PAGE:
ExxonMobil Corp. has let a contract for a central processing facility to treat oil, gas, and water in connection with pressure maintenance for full development of giant Banyu Urip field on the Cepu block on East Java, Indonesia.
Construction is targeted for completion in 36 months, and the start-up of full field production is expected after that pending regulatory approvals, the company said. Peak output is to rise to 165,000 b/d of oil from an estimated 450 million bbl of recoverable oil.
Four other major contracts are expected to be let by the end of 2011. Those contracts will be for a 60-mile onshore export pipeline, offshore pipeline and mooring tower, conversion of a 1.7 million bbl floating storage and offloading tanker, and other facilities. Tankers will load crude oil from the FSO for transport to Indonesian and world markets.
The CPF engineering, procurement, and construction contract went to a consortium of PT Tripatra Engineers & Constructors, a subsidiary of PT Indika Energy Tbk, and Samsumg Engineering Co. Ltd. The work includes three well pads connected to the CPF.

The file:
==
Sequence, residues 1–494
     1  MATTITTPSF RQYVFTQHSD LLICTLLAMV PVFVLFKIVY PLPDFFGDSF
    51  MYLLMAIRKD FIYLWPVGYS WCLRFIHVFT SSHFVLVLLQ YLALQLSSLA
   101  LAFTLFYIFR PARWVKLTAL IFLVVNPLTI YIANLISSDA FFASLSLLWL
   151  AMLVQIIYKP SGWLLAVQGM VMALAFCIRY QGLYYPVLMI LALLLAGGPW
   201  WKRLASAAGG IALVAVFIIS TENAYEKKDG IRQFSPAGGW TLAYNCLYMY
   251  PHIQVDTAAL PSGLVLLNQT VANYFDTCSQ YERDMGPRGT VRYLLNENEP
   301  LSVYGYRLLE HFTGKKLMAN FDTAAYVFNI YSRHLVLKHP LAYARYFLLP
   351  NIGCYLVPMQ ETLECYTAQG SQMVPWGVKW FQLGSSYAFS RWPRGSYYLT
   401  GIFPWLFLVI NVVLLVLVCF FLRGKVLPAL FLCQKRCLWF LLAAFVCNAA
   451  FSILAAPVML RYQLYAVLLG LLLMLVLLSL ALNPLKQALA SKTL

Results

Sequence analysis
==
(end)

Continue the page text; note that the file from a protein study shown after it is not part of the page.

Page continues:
Early oil production from Banyu Urip began in 2009 from facilities with demonstrated capacity of more than 20,000 b/d. Full field development will involve 49 producing and injection wells on the three pads and the CPF to treat produced gas and water for reinjection and crude oil for pipeline transport.
ExxonMobil’s Mobil Cepu Ltd. (MCL) is operator of the Cepu block with 45% interest. The other co-venturers are Pertamina with 45% interest and four local government companies that hold 10%.
Earlier this year, ExxonMobil announced the Kedung Keris-1 oil discovery on the block 9 miles from Banyu Urip, discovered in 2001 (OGJ, May 2, 2011, Newsletter). The company said it is analyzing well data to evaluate the full resource potential of that reservoir.
ExxonMobil said it is actively working on exploration and development opportunities to increase its participation in Indonesia, where its affiliates and predecessors have operated for more than 100 years and invested more than $19 billion since 1968.